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What does having a low blood count mean?

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Having a low blood count means that a person's bone marrow is not making enough of one or more types of blood cells, according to the Aplastic, Anemia & MDS International Foundation. The medical term for a low blood count is cytopenia.

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Doctors use a blood test called a complete blood count to measure how many of each blood cell type is in a blood sample. Red blood cells, white blood cells and platelets are the different types of blood cells. If any of these are low, a blood smear can determine if the cells are abnormal, as reported by AAMDS. Low blood counts are caused by conditions such as vitamin deficiencies and bone marrow failure diseases. People who have low blood counts may need other tests performed, such as examinations of bone marrow samples.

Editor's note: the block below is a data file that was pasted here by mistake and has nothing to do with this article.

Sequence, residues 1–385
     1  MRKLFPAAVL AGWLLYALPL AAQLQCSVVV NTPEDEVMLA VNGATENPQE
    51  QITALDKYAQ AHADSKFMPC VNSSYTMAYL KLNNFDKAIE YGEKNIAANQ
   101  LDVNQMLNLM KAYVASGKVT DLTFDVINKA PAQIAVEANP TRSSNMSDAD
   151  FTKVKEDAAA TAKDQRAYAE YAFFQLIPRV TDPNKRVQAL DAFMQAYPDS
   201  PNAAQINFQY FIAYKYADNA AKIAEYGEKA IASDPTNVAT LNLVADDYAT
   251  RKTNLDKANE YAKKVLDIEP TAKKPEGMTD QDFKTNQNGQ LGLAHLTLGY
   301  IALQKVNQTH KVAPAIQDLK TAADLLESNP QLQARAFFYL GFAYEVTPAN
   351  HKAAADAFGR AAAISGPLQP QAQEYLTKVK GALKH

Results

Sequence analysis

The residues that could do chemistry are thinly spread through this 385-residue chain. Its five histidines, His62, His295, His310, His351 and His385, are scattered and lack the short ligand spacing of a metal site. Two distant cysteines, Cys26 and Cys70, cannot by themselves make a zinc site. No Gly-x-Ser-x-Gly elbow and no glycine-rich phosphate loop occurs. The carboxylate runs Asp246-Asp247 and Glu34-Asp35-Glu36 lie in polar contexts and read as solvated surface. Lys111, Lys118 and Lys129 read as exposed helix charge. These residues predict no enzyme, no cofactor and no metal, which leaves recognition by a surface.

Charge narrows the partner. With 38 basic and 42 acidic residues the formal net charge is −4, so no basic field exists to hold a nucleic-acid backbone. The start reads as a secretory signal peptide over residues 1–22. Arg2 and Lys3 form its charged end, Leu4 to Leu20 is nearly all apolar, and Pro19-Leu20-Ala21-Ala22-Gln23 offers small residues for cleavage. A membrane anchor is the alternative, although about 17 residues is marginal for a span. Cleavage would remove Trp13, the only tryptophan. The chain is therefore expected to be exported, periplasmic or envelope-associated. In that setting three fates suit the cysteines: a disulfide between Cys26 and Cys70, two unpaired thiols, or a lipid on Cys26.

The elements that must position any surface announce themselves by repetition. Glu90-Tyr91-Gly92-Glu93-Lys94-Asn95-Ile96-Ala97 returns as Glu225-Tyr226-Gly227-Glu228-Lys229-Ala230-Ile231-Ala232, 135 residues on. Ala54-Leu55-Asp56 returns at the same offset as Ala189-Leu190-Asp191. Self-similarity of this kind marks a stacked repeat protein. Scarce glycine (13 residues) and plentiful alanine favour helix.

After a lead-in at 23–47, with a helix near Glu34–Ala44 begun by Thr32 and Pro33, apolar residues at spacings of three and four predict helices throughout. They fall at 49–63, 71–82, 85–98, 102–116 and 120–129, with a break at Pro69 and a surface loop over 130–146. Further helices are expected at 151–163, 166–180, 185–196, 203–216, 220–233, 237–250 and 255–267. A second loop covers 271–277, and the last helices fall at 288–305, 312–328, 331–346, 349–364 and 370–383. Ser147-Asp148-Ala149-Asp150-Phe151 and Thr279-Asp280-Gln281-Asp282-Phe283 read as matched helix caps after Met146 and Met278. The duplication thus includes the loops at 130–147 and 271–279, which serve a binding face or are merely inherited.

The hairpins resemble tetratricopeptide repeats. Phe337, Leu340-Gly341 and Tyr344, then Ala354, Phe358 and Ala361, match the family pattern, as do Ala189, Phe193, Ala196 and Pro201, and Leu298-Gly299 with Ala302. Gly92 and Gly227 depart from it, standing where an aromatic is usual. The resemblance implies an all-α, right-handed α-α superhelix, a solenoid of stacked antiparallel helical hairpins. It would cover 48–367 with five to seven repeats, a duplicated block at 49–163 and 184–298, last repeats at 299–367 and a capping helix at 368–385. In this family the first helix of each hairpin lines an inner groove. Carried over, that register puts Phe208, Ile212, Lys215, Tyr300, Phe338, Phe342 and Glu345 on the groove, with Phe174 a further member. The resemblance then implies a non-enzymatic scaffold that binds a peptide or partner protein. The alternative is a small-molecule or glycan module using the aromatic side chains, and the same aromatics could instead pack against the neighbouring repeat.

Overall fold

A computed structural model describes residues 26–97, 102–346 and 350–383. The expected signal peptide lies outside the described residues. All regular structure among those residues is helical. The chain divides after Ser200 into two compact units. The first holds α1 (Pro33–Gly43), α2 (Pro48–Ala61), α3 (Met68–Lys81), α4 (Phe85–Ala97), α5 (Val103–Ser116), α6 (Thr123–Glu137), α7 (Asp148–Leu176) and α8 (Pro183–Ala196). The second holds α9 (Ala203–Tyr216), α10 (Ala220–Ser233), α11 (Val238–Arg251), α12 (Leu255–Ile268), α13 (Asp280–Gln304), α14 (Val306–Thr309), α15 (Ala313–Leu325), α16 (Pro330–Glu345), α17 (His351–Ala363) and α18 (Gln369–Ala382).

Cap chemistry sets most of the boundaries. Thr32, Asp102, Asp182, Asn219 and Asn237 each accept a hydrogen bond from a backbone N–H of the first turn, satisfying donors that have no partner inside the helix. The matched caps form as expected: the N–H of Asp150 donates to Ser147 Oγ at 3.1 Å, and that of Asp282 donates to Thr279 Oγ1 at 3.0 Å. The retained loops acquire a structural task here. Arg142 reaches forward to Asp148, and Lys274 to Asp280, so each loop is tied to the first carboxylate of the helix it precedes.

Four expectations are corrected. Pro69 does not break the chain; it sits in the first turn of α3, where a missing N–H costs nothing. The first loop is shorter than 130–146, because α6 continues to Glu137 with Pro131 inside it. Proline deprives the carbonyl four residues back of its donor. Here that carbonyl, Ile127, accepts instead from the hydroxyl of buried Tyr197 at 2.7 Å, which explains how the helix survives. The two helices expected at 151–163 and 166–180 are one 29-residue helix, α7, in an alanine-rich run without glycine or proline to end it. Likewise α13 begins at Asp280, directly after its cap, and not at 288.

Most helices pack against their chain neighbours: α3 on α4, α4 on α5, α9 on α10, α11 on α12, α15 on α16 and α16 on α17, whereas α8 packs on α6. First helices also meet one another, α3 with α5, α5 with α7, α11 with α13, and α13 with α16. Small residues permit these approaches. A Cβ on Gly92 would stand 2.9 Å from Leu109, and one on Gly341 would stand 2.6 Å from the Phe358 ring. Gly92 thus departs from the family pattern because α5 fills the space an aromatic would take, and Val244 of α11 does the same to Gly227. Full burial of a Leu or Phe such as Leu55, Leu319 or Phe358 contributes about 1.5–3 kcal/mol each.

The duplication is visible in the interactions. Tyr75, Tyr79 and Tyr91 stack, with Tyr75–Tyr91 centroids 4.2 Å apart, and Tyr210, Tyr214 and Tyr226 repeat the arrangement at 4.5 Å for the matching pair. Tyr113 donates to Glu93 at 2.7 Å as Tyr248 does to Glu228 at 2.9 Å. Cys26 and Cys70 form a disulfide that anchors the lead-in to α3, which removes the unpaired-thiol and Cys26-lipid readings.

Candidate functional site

The term for a low red blood cell count is anemia. Symptoms of anemia can include tiredness, loss of appetite, paleness and trouble breathing. A low white blood cell count is known as neutropenia. People with neutropenia often have repeated fevers and infections, difficulty breathing and mouth sores. A low platelet count is called thrombocytopenia, and sufferers may have bruising and excessive bleeding, explains AAMDS.

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